Connecticut laws/regulations; Other States laws/regulations; Court Cases;

OLR Research Report

January 15, 2013




By: Marybeth Sullivan, Legislative Analyst II

You asked for a summary of laws in other states that prohibit student cyberbullying of teachers.


Connecticut's law against cyberbullying offers protection only to students (CGS 10-222d), but several other states, namely Florida, Kansas, Nevada, and North Carolina, have laws that provide protection from cyberbullying specifically to school staff members. This report summarizes how these laws classify online bullying, which class of victims they protect, which behaviors they specifically prohibit, and how perpetrators are sanctioned. Of the four states included here, North Carolina and Nevada provide criminal penalties for violations, whereas Kansas and Florida authorize local school districts to administer their own disciplinary penalties. (Arkansas, which also has a cyberbullying law, is not included because the law is not school-specific; it pertains to cyberbullying acts perpetrated by any person and harming any person (Ark. Code Ann. 5-71-217).)


Forty-seven states have enacted laws that explicitly address either the issue of cyberbullying or electronic harassment, including Connecticut. While a majority of these states focus on the student-to-student relationship, only the four states examined in this report broaden the focus to encompass the student-to-teacher relationship.

States have enacted cyberbullying laws in the absence of U.S. Supreme Court guidance about whether students have a First Amendment right to electronically post school-related comments while off school grounds, which is where many cyberbullying issues arise. Accordingly, some states have inserted language in their cyberbullying laws from the seminal Supreme Court student speech case Tinker v. Des Moines Indep. Cmty. Sch. Dist. (1969) in order to remain aligned with the current rule, which permits school discipline for student speech that is reasonably foreseeable to significantly disrupt school activities.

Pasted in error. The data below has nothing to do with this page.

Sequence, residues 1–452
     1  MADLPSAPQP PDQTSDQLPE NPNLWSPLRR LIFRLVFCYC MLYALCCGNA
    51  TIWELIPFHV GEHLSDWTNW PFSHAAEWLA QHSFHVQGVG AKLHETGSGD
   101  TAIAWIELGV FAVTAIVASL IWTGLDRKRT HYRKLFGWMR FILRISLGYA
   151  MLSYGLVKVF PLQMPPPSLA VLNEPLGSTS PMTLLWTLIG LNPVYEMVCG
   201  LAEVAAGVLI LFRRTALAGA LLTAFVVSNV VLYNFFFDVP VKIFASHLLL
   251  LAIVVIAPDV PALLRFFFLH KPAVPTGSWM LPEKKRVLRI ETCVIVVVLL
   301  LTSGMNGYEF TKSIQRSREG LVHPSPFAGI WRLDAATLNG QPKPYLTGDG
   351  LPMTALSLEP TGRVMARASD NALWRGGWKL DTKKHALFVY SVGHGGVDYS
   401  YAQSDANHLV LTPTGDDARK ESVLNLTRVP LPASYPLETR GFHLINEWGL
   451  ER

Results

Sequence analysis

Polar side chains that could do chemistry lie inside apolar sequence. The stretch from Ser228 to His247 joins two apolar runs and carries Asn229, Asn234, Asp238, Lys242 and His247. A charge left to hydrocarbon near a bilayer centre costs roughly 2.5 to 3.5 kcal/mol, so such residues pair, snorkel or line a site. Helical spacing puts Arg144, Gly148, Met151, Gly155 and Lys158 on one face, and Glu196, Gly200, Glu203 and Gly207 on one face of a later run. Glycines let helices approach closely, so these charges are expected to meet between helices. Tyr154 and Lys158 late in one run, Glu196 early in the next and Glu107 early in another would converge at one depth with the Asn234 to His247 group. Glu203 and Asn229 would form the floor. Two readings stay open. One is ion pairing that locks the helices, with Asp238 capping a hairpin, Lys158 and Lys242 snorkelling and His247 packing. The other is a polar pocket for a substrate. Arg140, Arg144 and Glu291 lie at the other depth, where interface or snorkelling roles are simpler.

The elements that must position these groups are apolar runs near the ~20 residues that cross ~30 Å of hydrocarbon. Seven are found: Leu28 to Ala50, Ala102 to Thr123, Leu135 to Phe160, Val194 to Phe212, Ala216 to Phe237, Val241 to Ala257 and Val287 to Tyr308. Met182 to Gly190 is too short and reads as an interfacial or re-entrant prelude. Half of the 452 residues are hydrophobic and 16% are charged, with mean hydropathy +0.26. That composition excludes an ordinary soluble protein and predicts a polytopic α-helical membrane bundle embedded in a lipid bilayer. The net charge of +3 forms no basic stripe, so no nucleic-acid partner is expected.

North Carolina

A North Carolina law, commonly known as the "School Violence Prevention Act of 2012," provides teachers broad protection from cyberbullying. It specifically addresses cyberbullying of a school employee at the hand of a student, defining the practice as the use of a computer or computer network with the intent to "intimidate" or "torment" a school employee. This law enumerates a long list of prohibited online speech directed at school employees, which include: creation of a false online profile for an employee; posts of private or sexual information about an employee; posts of real or altered images of an employee; or enrollment of an employee in pornographic or junk email groups.

The law treats cyberbullying of school employees as a criminal offense. A student who is guilty of this offense has committed a Class 2 misdemeanor and is eligible for a maximum sentence of 60 days in jail, a maximum fine of $1,000, or both (NC Gen. Stat. 14-458.2).


Nevada law classifies cyberbullying as the use of electronic communication to threaten to cause bodily harm or death with the intent to "intimidate, harass, frighten, alarm, or distress," or "to interfere with the operation of a public school, including . . . a charter school." Teachers, other staff, or students may be held accountable for cyberbullying, and the protected class of victims includes not only public school district and charter school employees, but also their pupils.